I was asked what I was filming as I shook a glass flaskcontain in front of the camera. I explained that I was experimenting with the idea of how it would feel to be in the sea surrounded by plastic particles rather than plankton.
Flask contents : water , plastic particles and fibres plus architectural model figure.
‘Well you have opened my eyes with that, I never realised that’s what happens’ Alan local man
‘Yours is a great project and is doing a great job to make us aware of our environment. When you think about it the way we live has to change! ‘ Hugh from Whithorn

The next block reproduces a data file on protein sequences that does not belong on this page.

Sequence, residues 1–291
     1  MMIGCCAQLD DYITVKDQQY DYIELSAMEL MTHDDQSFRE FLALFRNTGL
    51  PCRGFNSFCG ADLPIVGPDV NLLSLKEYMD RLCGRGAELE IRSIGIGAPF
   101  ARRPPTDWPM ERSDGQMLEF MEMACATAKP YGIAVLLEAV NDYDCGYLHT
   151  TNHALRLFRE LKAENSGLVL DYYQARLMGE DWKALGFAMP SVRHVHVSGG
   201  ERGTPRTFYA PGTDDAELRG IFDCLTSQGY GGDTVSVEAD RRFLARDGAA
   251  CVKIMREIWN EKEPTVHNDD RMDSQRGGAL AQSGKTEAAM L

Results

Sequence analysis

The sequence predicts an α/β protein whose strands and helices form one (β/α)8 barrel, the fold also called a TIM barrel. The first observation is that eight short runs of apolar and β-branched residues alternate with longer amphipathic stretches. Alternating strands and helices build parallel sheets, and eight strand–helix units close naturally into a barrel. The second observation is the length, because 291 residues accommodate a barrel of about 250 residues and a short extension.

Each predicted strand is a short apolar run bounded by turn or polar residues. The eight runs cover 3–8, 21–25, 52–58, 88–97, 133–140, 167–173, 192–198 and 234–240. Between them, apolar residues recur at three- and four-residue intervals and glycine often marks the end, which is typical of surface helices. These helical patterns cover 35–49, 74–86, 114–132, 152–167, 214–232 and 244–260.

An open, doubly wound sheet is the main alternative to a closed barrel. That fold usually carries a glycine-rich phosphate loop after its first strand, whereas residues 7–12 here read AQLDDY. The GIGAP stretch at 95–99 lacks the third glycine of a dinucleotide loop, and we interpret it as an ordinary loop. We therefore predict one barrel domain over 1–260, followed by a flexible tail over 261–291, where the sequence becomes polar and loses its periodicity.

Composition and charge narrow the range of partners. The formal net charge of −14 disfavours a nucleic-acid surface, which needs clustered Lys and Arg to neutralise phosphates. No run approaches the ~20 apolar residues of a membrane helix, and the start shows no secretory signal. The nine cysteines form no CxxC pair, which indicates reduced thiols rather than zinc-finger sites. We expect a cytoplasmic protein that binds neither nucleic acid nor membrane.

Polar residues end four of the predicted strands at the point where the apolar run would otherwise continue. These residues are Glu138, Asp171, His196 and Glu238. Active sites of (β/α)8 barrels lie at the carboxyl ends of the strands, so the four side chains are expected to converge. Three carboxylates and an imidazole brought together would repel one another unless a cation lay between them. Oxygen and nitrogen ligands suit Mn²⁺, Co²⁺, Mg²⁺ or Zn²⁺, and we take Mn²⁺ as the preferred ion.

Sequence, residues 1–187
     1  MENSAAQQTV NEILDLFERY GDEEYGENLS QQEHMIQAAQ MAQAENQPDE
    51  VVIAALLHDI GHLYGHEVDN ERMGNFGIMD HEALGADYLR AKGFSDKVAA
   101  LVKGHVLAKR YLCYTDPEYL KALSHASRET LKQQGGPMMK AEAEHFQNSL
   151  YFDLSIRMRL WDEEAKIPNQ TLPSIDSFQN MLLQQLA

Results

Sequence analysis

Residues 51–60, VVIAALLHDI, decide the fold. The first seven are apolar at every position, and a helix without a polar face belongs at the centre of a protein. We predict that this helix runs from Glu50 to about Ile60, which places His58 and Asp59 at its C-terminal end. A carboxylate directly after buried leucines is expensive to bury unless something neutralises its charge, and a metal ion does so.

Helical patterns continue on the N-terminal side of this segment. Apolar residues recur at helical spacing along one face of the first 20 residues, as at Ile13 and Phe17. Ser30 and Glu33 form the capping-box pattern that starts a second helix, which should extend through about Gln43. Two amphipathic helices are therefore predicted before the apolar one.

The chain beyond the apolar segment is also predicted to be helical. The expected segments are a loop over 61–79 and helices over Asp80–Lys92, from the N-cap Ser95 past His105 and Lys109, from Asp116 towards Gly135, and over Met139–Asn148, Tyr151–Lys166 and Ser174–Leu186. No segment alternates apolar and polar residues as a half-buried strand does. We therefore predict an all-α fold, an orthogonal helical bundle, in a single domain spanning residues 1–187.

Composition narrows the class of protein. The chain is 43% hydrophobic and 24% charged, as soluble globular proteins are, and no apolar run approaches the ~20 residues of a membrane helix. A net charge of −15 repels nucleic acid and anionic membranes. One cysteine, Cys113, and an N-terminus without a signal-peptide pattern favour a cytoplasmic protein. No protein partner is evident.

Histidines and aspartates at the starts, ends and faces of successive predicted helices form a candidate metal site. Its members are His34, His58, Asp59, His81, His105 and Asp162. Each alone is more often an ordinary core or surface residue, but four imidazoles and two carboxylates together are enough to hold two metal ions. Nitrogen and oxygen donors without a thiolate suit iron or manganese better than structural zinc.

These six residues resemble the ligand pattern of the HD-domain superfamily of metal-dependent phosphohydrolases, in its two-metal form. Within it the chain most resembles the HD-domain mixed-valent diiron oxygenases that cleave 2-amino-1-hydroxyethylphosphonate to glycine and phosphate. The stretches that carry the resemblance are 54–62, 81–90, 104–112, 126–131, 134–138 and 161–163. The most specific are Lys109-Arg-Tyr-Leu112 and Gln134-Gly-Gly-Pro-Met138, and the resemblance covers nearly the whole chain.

To celebrate these encouraging comments in the Littoral Art Project’s work, I spent the evening translating their verbal votes of confidence into visual votes on the beach. As the tide receding I marked out two X’s using ‘litter lines’ made of prawn boxes and gun wads stitched together on Isle Martin last May. One for #cleanseas and the other for #cleanbeaches
A full compliment of X’s will follow soon with the appeal and sponsorship update. Many thanks to everyone who pledged support, together there has been over £1,000 pledged. I am presently setting up a [donate] button on the blog and I hope everyone will be happy to donate their pledges via this PayPal system instead of via kickstarter. Thank you!